Restoring Confidence


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August 3, 2007

That government is best which governs not at all. ~ Thoreau

Recently I read an article based on the premise that Americans need to 'restore confidence' in their political government. I've read many calls to man the barricades, usually written by people who I would not expect to find at any barricades, but I can't recall seeing one justified by restoring confidence in the state before. My immediate response to the premise was, why? Why should we have any confidence in the state whatsoever? The state has a 100% failure rate in history.

William S. Lind, in an article entitled How To Win In Iraq, writes, 'That objective ' restoring a state in what is now the stateless region of Mesopotamia ' must become our new definition of victory.' He would have us believe that the murderous conditions in Iraq are the normal conditions of mankind without a state, the standard statist argument for the last eight millennia, while ignoring the struggle for state-like power at the heart of it. That one gang of thugs will win is obvious; that it will not be our gang of thugs is likely, but what is the prize for winning? The premise here is that the state owns everything, the people, the land, the resources, and the tools, and that only the state can negotiate the sale or transfer of its property.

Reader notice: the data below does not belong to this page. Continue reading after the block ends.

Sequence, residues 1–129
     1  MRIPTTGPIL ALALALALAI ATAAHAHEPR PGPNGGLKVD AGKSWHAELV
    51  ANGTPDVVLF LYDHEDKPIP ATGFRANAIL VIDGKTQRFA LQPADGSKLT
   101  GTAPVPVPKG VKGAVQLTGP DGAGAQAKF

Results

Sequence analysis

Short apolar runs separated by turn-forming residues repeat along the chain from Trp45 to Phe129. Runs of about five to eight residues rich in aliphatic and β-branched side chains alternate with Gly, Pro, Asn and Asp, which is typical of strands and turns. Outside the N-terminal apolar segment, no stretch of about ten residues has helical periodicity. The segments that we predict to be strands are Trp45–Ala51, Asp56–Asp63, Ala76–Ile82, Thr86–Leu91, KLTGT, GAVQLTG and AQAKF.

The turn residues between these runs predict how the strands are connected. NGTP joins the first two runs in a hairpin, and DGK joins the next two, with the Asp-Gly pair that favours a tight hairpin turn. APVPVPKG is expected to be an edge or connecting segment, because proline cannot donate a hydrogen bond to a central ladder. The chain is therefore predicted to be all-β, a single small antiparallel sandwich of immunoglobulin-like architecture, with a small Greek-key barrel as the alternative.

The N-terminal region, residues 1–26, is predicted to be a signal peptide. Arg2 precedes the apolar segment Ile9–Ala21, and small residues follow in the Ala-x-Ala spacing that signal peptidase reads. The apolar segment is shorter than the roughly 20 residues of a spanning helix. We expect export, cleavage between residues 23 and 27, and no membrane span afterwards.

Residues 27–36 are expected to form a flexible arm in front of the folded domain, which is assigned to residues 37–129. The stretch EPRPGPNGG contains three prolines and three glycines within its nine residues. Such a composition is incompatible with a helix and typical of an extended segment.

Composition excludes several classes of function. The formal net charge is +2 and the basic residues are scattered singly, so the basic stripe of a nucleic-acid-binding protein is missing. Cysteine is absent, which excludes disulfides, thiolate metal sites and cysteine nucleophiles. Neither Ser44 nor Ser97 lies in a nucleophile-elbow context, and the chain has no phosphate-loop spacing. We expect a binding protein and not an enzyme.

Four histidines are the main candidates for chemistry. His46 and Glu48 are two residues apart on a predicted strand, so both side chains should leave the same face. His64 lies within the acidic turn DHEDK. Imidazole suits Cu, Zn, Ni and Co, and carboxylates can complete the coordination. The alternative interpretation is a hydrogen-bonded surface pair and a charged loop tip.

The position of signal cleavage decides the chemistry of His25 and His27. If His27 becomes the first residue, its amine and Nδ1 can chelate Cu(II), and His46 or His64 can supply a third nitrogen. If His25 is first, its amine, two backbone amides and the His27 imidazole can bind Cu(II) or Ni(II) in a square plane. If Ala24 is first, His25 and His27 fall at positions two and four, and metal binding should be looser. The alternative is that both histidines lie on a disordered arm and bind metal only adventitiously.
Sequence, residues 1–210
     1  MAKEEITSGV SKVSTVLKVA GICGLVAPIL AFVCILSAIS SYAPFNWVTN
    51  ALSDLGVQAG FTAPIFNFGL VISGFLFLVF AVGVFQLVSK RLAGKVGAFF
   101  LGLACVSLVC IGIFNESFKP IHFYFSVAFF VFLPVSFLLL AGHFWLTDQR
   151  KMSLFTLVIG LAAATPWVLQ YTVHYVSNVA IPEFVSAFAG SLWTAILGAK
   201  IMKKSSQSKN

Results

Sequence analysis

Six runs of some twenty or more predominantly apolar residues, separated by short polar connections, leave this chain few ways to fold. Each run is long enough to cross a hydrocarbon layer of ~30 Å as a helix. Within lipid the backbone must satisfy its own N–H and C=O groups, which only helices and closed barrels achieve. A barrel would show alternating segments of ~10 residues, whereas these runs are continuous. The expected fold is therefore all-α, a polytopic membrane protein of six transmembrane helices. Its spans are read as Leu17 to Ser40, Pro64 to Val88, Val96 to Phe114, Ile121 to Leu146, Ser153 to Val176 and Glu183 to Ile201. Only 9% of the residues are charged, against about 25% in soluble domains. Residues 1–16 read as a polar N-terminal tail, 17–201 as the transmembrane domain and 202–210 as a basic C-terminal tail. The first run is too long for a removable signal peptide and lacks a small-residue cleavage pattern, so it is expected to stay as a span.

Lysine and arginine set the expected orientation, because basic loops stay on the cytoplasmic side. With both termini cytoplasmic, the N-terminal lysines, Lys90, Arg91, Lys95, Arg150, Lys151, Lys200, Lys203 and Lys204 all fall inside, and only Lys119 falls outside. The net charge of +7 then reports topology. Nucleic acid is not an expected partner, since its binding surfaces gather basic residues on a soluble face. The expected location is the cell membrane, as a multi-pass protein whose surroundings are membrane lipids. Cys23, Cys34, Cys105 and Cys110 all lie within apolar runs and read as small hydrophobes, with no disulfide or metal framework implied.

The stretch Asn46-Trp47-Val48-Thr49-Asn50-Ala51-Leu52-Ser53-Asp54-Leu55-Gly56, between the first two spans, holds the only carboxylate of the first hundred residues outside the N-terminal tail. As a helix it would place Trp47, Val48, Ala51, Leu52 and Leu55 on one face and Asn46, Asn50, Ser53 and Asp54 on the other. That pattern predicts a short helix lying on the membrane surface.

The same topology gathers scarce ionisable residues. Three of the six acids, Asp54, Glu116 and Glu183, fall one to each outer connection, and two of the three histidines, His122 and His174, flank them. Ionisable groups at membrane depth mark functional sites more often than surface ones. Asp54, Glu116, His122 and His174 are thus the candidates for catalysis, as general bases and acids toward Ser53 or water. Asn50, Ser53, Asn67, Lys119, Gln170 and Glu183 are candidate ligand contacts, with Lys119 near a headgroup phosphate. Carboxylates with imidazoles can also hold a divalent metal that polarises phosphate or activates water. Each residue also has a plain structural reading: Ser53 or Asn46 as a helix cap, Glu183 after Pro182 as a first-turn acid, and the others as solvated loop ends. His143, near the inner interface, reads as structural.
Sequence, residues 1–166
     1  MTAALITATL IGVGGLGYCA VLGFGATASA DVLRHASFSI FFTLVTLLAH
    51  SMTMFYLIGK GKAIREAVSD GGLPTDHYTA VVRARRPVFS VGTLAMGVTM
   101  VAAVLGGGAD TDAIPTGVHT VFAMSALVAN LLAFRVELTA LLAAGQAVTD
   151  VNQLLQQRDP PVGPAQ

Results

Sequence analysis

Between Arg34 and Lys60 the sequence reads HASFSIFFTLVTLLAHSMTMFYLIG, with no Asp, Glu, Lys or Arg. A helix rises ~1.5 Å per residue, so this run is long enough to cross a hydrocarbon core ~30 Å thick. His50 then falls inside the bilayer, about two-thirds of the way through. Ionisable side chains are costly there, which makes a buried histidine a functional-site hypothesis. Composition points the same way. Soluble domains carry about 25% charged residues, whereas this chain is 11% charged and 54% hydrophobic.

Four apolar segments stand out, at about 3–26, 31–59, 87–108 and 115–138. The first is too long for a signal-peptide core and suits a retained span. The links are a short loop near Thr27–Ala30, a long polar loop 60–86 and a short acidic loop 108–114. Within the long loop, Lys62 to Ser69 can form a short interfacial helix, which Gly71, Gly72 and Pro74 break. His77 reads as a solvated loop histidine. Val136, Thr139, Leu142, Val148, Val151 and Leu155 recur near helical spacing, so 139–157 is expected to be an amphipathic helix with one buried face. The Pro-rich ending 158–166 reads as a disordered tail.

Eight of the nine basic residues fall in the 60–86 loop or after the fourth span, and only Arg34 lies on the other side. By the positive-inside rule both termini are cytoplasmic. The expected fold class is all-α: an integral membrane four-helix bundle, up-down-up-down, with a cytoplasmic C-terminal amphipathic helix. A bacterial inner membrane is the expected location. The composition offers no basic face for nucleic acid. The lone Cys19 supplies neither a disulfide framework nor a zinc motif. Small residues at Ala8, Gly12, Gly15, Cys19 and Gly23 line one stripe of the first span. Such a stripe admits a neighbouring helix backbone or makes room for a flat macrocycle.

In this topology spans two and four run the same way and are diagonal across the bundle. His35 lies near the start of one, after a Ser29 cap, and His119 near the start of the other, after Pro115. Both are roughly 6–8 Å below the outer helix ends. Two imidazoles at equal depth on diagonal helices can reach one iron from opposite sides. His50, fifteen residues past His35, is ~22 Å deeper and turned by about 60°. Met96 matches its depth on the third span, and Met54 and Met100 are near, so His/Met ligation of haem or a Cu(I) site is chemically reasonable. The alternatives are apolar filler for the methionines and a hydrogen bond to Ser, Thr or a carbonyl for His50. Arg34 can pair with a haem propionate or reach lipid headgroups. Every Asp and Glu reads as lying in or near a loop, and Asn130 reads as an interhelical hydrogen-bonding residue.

Somalia . I urge you to read the article by Michael van Notten (The book is here.) on Somalia written before the recent US-instigated invasion by Ethiopia . A stateless region, with a fine port and maybe oil, is intolerable to states, especially if the region is thriving. It sets a bad example and tax-paying citizens of states might move there. Every free-nation project that I'm aware of has foundered on the determined opposition of established states.

There is an ancient story to be told on this subject. Unfortunately I only know pieces of it because it's not a popular subject among scholars. The Harappan Civilization on the Indus River was an agricultural and trading society which built large cities but had no state. They were ruined by global warming. The Minoan Civilization which flourished on Crete at about the same time was also an agricultural and trading society which built large cities but had no state. They were overrun by barbarian Mycenaean warriors from mainland Greece . One might say that the spontaneous rise of economic government ended around 1500 BC and that state coercion has ruled ever since.

That's not entirely true. We see the spontaneous emergence of commercial centers during the Middle Ages, particularly Venice and Amsterdam . Hong Kong and Singapore rose in more recent times, as did the startling prosperity of the Arab Emirates. What we are seeing in Russia and in China is what happens when the state relents and allows the people a modicum of freedom and some protection of property by law. It looks like we Americans are going to see first-hand what happens when the state reverses its traditional policy of liberty and justice.

Just when the 'unitary presidency,' our current euphemism for dictator, seems to be firmly enough established for other politicians to lust for the office, here comes Ron Paul to publicly condemn the whole idea. Should I abandon my own condemnation of the state as an idea that never works, and register to vote? Would we be better off with a benign politician in office? There is no historical justification for thinking so. No, this state will collapse like all of the others, with or without Dr. Paul, and I will not help to restore confidence in the concept.

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Robert Klassen's picture
Columns on STR: 14

Robert Klassen retired from a career in respiratory therapy, and is the author five books, two of which describe a solution to political government.  Please visit his website.